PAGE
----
Angels 5, Red Sox 4: Rookie Wally Joyner hit his 13th homer and drove in his 34th and 35th runs in the victory in Anaheim, Calif. He's had four homers in his last three games.
Royals 4, Tigers 2: Hal McRae's two-run home run off Willie Hernandez (1-2) with one out in the 11th inning won the game in Kansas City, Mo.
Steve Balboni had homered off Hernandez in the ninth for a 2-2 tie.
Jack Morris of the Tigers and Bret Saberhagen of the Royals had nearly matched pitch for pitch. Morris allowed four hits in eight innings, striking out nine and walking four walks. Saberhagen gave up eight hits and struck out seven while walking two in nine innings.
Mariners 8, Brewers 5: In Seattle, Danny Tartabull's four hits included two triples. His two RBI, coupled with Pete Ladd's 3 1/3 scoreless innings, beat Milwaukee.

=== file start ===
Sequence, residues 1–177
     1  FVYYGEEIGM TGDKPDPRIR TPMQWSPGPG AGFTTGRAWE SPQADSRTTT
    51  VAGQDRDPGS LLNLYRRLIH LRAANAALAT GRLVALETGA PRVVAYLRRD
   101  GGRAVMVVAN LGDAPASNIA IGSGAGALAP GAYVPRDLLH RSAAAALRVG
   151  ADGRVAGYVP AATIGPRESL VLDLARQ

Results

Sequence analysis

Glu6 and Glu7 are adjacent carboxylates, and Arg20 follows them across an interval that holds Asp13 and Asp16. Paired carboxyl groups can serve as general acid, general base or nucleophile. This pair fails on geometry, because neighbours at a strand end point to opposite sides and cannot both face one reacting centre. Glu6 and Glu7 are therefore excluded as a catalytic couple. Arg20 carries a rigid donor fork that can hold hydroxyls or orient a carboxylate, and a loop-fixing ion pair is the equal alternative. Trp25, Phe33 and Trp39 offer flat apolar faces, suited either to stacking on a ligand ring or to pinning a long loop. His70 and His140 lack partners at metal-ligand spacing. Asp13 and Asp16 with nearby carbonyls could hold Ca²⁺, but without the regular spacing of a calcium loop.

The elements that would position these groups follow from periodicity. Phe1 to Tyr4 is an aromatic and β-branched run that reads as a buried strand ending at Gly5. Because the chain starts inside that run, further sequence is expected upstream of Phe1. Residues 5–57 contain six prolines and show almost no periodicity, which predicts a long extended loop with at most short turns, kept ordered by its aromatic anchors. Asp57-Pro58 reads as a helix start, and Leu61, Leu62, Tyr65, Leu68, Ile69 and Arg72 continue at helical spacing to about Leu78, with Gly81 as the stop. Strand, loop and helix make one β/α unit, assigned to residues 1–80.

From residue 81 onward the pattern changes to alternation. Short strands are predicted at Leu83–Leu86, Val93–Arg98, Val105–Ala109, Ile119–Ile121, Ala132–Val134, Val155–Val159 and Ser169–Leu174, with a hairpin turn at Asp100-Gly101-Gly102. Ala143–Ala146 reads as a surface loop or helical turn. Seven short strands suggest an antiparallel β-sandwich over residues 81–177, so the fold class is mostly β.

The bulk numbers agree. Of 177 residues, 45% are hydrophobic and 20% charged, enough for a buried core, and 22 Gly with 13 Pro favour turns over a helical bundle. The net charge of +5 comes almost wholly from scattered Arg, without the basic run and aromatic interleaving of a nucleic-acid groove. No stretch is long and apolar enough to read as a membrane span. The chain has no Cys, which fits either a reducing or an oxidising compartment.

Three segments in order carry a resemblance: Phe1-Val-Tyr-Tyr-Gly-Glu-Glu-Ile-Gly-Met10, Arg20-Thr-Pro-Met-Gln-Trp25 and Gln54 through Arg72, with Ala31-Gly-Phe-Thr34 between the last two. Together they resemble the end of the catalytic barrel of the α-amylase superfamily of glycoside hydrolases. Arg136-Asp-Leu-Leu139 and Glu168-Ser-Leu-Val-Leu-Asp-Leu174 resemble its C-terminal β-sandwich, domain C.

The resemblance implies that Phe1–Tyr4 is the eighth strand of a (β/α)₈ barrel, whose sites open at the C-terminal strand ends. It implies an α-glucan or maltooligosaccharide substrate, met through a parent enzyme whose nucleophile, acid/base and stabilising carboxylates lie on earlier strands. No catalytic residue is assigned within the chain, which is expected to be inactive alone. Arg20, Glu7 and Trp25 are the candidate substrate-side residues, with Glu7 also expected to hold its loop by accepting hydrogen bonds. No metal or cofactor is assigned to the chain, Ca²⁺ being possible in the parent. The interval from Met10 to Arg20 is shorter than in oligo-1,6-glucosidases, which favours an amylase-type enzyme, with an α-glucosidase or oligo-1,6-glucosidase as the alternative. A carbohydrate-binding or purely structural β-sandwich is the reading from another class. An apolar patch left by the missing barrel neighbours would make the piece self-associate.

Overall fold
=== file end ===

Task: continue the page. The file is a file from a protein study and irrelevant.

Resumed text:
Tartabull tripled and scored the first run of the game in the first inning. When he tripled in the eighth to drive in two runs he was thrown out trying to stretch it.
The Mariners got the first triple play of the season. Morgan started the bottom of the first by walking Randy Ready and Ernest Riles. Cecil Cooper grounded to first baseman Alvin Davis, who threw to shortstop Domingo Ramos at second base, forcing Riles. Morgan was late covering first on the relay and Cooper was safe as Ready rounded third.
Morgan threw to catcher Bob Kearney, who ran Ready back toward third and tagged him. Kearney then threw to second baseman Tartabull, who tagged Cooper trying to advance from first.
A's 6, Blue Jays 3: Dave Kingman hit a three-run homer off Dennis Lamp with one out in the 10th inning in Oakland. He had gone hitless in 12 previous trips before putting the first pitch Lamp (0-3) threw him over the left-center field fence for his seventh homer, breaking a three-game Oakland losing streak.